After weeks of interviews, you finally managed to snag an offer for what you thought was your dream job. Only it doesn't seem like your dream job now that you're deep in the throes of it.
If you're wondering whether you made the wrong choice about accepting a role, you're not alone. CareerBuilder reports than a whopping 66% of workers have said yes to a job offer, only to realize later on that it was a truly bad fit.
So, how do you know if you've landed in the wrong job? Here are a few telltale signs.
1. You're bored frequently
To expect constant stimulation on the job is downright unrealistic. Most roles come with menial, mind-numbing administrative tasks that we all have to power through. But if you find that you're bored at work more often than not, it's a sign that you took the wrong position. Maybe you were overqualified for the role at hand. Or perhaps the position was misrepresented. Either way, start dusting off that resume, because it's time to get out.
2. You aren't learning anything
Most jobs come with a certain set of requirements that candidates must meet to be considered. In other words, unless you're seeking an entry-level role, you'll need to come in knowing your stuff. That said, your job should also serve as a perpetual learning opportunity for you, and if that's not happening, you may want to take your business elsewhere. Not learning on the job is a sign that you've somehow managed to land in a dead-end role, and that's an easy way to needlessly stunt your career growth.
3. Your opinions aren't respected
If you're a mid-level contributor who tends to mingle with upper management, there's a good chance the opinions of those with more tenure tend to carry the most weight. But that doesn't mean you shouldn't get a voice at your company, too. If you find that your ideas are constantly being shot down, and that you're just not being taken seriously, it's a sign that you need to leave.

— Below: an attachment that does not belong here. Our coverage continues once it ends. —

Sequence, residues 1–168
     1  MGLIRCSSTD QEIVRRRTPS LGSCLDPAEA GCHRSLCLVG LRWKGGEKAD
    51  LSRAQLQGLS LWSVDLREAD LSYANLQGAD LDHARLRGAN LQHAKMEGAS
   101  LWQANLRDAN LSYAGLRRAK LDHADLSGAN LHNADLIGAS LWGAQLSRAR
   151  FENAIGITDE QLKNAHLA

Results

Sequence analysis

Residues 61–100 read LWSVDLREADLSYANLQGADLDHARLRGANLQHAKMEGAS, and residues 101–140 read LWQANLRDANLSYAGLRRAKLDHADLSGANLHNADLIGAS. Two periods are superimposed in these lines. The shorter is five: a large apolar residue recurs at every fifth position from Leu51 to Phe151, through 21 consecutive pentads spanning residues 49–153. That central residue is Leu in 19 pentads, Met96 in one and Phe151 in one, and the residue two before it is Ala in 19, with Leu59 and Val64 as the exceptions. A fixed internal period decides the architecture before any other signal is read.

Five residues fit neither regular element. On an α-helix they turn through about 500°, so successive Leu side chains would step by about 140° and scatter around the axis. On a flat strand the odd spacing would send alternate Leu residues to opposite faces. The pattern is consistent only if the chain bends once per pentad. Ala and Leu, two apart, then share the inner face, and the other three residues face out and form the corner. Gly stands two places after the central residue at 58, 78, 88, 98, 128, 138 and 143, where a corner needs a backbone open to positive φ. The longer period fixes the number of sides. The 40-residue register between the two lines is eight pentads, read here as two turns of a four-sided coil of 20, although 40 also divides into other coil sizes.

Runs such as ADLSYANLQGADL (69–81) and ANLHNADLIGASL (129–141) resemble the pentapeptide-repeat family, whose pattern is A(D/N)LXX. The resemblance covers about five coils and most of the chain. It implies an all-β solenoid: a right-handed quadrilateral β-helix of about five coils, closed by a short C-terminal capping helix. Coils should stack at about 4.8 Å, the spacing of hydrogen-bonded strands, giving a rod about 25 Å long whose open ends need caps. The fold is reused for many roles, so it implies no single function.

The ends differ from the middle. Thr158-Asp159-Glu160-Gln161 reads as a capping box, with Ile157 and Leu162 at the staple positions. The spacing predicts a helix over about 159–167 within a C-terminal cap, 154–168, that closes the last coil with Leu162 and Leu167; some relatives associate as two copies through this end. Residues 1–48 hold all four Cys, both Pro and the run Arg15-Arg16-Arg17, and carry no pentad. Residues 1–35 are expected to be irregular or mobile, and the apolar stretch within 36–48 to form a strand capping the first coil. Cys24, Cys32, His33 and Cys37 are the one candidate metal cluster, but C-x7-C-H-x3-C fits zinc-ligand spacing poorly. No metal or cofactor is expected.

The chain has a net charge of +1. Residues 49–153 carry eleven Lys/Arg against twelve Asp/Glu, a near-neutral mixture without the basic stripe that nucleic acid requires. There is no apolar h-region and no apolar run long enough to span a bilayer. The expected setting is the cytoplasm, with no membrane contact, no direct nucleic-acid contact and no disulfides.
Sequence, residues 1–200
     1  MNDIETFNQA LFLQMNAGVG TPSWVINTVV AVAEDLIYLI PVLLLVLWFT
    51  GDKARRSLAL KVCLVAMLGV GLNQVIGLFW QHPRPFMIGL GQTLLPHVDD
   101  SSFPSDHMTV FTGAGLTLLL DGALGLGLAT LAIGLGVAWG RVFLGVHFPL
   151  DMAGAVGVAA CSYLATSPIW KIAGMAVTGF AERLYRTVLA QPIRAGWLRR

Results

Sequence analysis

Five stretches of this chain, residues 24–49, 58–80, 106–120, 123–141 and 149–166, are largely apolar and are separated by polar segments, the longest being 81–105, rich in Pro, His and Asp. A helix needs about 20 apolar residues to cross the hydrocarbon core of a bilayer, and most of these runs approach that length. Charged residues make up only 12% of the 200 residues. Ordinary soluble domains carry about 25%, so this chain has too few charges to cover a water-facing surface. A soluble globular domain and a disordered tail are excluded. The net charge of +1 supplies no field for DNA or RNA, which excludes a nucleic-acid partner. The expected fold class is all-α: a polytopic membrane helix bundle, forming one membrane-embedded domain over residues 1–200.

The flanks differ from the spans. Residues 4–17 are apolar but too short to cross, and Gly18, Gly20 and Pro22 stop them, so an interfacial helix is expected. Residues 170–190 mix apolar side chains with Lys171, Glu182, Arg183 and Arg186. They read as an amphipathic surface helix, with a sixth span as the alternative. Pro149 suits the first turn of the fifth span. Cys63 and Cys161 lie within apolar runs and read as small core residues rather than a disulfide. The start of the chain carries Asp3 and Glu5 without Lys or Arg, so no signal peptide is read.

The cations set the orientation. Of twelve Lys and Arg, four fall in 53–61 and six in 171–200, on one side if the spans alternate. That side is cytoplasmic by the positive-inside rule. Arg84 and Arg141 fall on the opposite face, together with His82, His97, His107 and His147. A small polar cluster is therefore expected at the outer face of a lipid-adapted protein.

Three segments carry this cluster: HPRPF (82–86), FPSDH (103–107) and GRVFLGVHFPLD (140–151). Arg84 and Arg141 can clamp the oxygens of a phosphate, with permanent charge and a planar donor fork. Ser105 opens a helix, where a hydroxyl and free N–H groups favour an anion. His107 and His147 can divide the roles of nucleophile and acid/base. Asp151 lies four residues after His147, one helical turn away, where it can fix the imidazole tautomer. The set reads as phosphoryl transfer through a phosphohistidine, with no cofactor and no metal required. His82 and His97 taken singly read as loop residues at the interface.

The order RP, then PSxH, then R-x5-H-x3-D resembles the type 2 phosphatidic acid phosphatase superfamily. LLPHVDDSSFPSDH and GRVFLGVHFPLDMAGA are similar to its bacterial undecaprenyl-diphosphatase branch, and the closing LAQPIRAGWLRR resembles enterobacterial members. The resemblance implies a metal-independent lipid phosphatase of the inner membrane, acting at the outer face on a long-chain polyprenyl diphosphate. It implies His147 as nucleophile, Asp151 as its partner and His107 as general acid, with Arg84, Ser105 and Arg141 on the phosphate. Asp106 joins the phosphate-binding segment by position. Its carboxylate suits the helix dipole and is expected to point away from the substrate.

4. Your day-to-day role doesn't match the description of the job you wanted
Usually, there's a reason we apply to certain jobs over others. Maybe you wanted an opportunity to work on high-level projects and compile data in large quantities. But if, once hired, you find that you're doing none of that, you should strongly consider moving on, especially if your boss doesn't take steps to get you closer to where you thought you'd be. Mispresenting a job description is something countless employers are guilty of, whether they do so intentionally or not. But that doesn't mean you don't deserve to be doing the things you thought you were signing up for.
How to escape a bad job situation
Maybe, at this point, you're convinced that you did, indeed, take the wrong job. The question is: What should you do about it? If you've only been there for a few weeks or months, leaving that quickly might damage your reputation and serve as a black mark on your resume. But if you attempt to stick out a situation that's unlikely to improve, you'll only prolong your misery.
The solution? If you don't have an exceptionally strong history of job-hopping, give your two weeks' notice, and chalk it up as a mistake. We all make them. Will you need to explain your very brief stint to your next prospective employer? Yes. But at that point, you simply state the facts: You realized early on that you took the wrong job, and you thought it would be best for everyone involved to curb a situation that clearly wasn't working. With any luck, the companies you talk to next will appreciate your honesty and pragmatism, and you'll quickly land a role you don't come to regret.